Wednesday, February 04, 2009

Economists As Creationists Who Have Never Heard Of Evolution

I found this quote amusing:
"One of Brad DeLong’s commentators compares what’s going on to the discovery that some eminent biologists are creationists, but it’s actually worse than that: it’s like discovering that some eminent biologists have never heard of the theory of evolution and the concept of natural selection." -- Paul Krugman
I am in agreement with, for instance, Krugman and DeLong that the U.S.A. government currently needs to spend a lot on a stimulus package. But I wondered if such more-or-less liberal economists acknowledge other controversies in economics. Have they heard factor prices (like wages) cannot necessarily be explained by the interaction of well-behaved supply and demand curves in factor markets, even under ideal assumptions of perfect competition, flexible prices, perfect information, etc? I don't know whether I want to put much emphasis on Brad DeLong's failure to note such in this post about immigration.

5 comments:

Mac said...

And I wonder if economists, liberal or not, will acknowledge, that the labour supply curve is not the simple upward bending slope that they use in their models. Robert E. Prasch pointed out, that the work supply might well *expand* under low wage conditions, creating a market with two locally stable equilibria ('Reassessing the Labor Supply Curve', he mentions reswitching too). Maryke Dessing did that too and collected evidence from industrial and developing countries.

Anonymous said...

Well, as I've pointed out in my review of Krugman's new book, he does mention the possibility of a backwards bending supply-curve for labour in his introductory textbook.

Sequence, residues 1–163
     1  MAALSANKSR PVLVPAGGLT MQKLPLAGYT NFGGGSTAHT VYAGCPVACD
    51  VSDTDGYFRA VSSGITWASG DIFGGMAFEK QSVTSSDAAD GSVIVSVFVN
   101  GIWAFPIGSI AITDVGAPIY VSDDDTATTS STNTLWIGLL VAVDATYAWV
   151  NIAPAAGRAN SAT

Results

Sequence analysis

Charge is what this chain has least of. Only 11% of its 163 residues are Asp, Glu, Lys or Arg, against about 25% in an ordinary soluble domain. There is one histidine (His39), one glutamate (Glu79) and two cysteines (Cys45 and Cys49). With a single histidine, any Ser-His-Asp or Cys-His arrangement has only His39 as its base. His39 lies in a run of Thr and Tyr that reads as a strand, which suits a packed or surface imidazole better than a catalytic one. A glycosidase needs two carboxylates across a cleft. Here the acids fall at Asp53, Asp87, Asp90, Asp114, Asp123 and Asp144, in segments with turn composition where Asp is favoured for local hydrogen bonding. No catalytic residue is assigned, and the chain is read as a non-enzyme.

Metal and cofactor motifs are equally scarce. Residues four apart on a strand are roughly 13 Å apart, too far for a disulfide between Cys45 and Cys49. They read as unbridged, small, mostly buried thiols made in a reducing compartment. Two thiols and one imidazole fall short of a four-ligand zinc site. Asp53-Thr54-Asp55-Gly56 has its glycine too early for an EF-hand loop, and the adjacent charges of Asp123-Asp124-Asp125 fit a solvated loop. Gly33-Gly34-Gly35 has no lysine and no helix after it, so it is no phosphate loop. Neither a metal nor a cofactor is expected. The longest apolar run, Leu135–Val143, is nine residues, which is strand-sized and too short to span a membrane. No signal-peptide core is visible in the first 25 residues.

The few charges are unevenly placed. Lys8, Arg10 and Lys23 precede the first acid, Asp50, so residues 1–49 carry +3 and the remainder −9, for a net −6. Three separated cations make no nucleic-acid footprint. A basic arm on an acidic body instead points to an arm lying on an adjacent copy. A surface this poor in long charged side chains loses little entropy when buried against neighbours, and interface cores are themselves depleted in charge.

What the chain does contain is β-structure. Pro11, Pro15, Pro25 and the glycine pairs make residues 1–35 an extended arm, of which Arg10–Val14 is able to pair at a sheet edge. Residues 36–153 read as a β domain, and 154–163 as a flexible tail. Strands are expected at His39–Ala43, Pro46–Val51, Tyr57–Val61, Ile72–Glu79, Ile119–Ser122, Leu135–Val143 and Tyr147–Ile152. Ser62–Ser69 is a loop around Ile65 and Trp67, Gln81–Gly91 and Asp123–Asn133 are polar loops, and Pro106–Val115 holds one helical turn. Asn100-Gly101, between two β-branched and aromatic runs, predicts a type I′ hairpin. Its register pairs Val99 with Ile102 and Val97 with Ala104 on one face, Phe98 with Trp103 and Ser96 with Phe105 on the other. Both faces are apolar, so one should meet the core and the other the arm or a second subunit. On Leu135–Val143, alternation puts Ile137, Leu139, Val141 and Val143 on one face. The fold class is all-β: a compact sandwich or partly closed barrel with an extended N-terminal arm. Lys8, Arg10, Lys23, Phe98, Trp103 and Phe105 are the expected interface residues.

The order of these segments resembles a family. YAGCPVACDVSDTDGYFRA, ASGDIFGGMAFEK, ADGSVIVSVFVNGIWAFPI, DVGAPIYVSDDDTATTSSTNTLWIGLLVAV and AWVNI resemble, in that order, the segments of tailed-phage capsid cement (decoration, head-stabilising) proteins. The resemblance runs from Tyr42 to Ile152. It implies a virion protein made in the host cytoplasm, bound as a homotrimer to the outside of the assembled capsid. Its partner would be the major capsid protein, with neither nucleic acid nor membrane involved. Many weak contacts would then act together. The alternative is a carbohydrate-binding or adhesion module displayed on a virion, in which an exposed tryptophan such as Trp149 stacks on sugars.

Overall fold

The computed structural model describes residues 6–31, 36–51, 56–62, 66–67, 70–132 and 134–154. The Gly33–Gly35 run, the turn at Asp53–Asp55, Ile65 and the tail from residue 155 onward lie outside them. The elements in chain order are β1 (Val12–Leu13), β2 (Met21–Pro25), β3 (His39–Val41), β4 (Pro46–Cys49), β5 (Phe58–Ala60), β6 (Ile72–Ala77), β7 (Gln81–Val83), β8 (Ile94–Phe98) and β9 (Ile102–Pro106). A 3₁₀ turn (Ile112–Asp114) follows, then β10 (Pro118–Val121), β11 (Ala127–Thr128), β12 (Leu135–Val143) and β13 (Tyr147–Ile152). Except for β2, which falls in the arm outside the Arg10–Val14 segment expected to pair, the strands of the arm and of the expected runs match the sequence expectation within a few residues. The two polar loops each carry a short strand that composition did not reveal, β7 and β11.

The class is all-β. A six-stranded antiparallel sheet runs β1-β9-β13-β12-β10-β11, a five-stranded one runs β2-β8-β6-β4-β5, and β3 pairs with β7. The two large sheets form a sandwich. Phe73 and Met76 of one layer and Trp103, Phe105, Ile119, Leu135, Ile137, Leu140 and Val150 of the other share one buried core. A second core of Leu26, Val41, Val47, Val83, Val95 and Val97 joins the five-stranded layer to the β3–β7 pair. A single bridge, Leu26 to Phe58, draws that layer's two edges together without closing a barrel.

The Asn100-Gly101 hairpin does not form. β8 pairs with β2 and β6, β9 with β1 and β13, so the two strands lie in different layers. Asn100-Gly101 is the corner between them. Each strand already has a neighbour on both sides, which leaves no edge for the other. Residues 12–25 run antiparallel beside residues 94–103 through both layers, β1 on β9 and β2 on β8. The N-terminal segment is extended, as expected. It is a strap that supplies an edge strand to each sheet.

And then, for no good reason, ignores it! Even after pointing to the history of working hours in America for over 100 years.

Review: The Conscience of a Liberal by Paul Krugman

Steve Keen (in Debunking Economics) has a good discussion of the labour supply curve and its implications. (pp. 119-23) As does Hugh Stretton in his Economics: A New Introduction (pp. 403-4 and p. 491)

I would say that there are good ideological reasons for economists ignoring this possibility -- it makes it harder to justify cutting wages as the cure-all for unemployment...

Iain
An Anarchist FAQ

Mac said...

Thanks Iain,

I found a quote in one of Walter Eucken's works from 1952 where he mentions the exact same problem and suggests minimum wages to correct this anomaly. This is in particular juicy, because Eucken is one of the fathers of Germany's ordoliberalism (which associated with Hayek) and somewhat unsuspicious of leftist ideological stances.

Ben said...

what is just as troubling is that most economists think and work as if they were creationists! With a very few exceptions amongst cognitive economists and economic historian concepts such as inheritance, the selfish gene or the 'savanna brain' paradigm are totally ignored.

Anonymous said...

"the selfish gene"? I do hope you realise that the selfish gene does not imply the selfish individual?

David Friedman points to Dawkins' The Selfish Gene as providing the genetic basis for "capitalism" in one of his books. That is questionable, as selfish gene theory does not imply that competition is the best. In fact, co-operative behaviour is equally possible (which explains why humans lived in primitive communism for most of our time on this planet).

As for using evolutionary theory in the economics, that can be misused to justify social darwinist policies -- and has. The evolution of institutions and societies should be a key part of any serious economics, but "evolution" and "selfish gene" seems to be more likely to be used to justify free-market capitalism and a "dog-eat-dog" rationale for inequality and oppression... Something Dawkins himself has complained about!

Equally, appealing to evolutionary theory seems ironic when most mainstream economists use a methodology which explicitly assumes that market individualism is "natural", and was evolved to refute claims by socialists that capitalism, like other social systems, will evolve into something else...

Geoffrey M. Hodgson, an institutionalist economist, is worth reading on the matter of economics and evolution (his works include Economics and Utopia).


Iain
An Anarchist FAQ